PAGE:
Not only has the pandemic impacted the day-to-day workflows of almost every sector, it’s also inadvertently streamlined processes and catalysed some much-needed change. One industry that suddenly found itself in high demand amid the fallout of 2020 was the studio services used by high-end movies, television and advertising agencies. With travel off the cards and face-to-face working tricky for the foreseeable, technologies like immersive LED studios found themselves with much to offer a workforce that’s had to change its long-held habits overnight. It’s this service that Ian Armstrong, Director of Topaz Virtual Productions and Creative Enterprise Evolve participant’s hopes to bring to productions of all sizes via a new, state-of-the-art studio centre.
“The growth projections of streaming ranges between 15% to 22% between now and 2028 because of people like Netflix, Disney and Apple delivering their streaming services,” explains Armstrong, detailing some of the current trends rippling through the production services world. “A consequence of this is a growing demand for studio and production capacity around the world, especially in the UK which is seen as a centre for excellence when it comes to film and high-end TV production. “It’s all good,” he continues, “but there’s a huge shortfall in studio capacity generally. There’s been various reports that claim up to two million square foot of studio space is required just to keep up with demand – but what we’ve seen since the global pandemic is a growth in the use of LED and virtual production techniques to produce content and there’s an even greater shortfall of virtual production stages in the world.”
LED screens and virtual productions may be terms you’re already familiar with. They made the news back in 2019 alongside Disney+ hit Star Wars spin-off series The Mandalorian, with Director Jon Faveau using this new technology to shoot over 50% of the show’s first season – creating in-camera alien landscapes and eliminating the need for physical location shoots. Cut to a turbulent few months later and it doesn’t take long to see how beneficial this creative combination of complex game engine software and versatile LED studio production could be in a world where travel and physical contact with others is limited.
“What you tend to find is LED stages popping up in original sound stage spaces, used for production and then dismantled,” says Armstrong of the current work process used by filmmaking teams. “There seems to be a real lack of permanent facilities that offer a range of LED studios whereby people from high-end TV, film production or advertising can come in and use them in the same way they’d use a normal studio set up,” he adds, commenting on a glaring gap in the marketplace. ‘In essence, we’re trying to build a technology centre with a suite of LED studios that visiting productions can use.”
Topaz Virtual Productions is well on its way to achieving this goal. From LED green screens and state-of-the-art XR stages, to volumetric capture facilities – all of their services will be available for hire by productions of all sizes from anywhere in the UK. It will be a place where new jobs and creative employment can be formed: “The UK is such a centre of expertise,” says Armstrong. “I think the more LED studios that get built, and the more people that use this type of facility, will ultimately help improve this expertise, alongside any skills shortages.”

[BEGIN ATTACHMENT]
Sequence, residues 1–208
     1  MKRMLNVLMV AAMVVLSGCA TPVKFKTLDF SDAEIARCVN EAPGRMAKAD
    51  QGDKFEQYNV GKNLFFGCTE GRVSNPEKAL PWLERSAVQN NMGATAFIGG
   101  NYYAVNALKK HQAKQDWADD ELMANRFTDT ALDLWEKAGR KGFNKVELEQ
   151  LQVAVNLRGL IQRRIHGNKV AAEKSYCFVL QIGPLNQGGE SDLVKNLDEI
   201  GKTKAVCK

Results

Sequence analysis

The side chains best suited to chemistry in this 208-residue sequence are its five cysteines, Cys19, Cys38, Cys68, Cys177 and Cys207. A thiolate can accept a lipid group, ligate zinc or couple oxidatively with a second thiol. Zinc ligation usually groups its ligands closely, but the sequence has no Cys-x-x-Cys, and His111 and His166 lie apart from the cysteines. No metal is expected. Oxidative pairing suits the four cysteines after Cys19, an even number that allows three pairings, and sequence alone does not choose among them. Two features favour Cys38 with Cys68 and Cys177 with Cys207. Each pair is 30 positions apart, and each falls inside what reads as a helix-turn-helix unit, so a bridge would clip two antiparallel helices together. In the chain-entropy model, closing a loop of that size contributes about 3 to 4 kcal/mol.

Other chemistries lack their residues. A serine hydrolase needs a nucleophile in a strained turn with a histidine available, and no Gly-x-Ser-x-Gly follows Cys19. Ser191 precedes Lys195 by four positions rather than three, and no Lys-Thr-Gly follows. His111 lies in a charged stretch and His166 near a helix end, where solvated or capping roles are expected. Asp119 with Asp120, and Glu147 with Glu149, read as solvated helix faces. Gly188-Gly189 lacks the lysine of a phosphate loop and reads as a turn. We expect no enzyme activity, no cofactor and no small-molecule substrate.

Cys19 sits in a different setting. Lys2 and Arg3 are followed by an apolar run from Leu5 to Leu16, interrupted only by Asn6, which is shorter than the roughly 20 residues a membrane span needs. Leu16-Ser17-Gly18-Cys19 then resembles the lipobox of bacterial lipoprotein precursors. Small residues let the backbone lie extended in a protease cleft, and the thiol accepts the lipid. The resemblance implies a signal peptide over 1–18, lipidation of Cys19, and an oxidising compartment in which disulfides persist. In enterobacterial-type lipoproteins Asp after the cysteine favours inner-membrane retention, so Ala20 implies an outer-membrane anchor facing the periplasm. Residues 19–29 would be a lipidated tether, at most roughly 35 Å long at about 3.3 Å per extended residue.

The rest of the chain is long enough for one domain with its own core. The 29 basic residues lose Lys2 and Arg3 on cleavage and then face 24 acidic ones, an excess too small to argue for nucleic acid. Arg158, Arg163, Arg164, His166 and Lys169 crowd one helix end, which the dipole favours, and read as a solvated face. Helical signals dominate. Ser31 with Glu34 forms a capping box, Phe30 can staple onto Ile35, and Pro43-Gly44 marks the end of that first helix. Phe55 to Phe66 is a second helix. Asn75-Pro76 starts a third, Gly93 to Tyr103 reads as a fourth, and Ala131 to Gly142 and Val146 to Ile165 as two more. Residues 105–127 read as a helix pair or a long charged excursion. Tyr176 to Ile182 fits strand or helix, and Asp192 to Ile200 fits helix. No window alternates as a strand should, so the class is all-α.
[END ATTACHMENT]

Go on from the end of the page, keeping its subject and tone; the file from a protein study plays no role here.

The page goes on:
The arrival of this game-changing new technology also comes with some eco-friendly benefits that can help productions meet their green quotas. “This technology allows you to film in environments that, historically, you would have had to send quite a lot of people to,” says Armstrong. “In the absence of the availability to travel, and also the increasing awareness of the fact that we need to be more responsible for how we expend carbon, things like LED studios allow productions to be shot in a single location, with a fewer number of people and without the need to travel. We’re trying to build a permanent facility of studios that help those involved in advertising, right through to film production and high-end TV, reduce their carbon footprint.”
While productions ground to a halt during the pandemic’s peak, Armstrong is confident that the sector will soon resume full pelt – and when it does, it’ll be using this exact technology. “It’s disruptive and changes the way people think about production. We’re already seeing companies like Netflix doubling their production budget funding, largely through increases in subscriptions,” he says, pointing to growing user demand alongside the huge and steady potential of the advertising sector. “My ultimate vision would be to create a substantial fixed facility that services the film, high-end TV and advertising markets whilst also having links to academia, where undergraduates and postgraduates can learn on the job on real projects, so we can create a legacy that this industry needs,” he says looking forward. “Historically, this is quite a closed shop industry and one of the things I like about this space right now is that it’s disruptive. Anywhere with disruptive technology creates opportunity.”
Creative Enterprise Evolve is open for applications, learn more and apply before 7th July.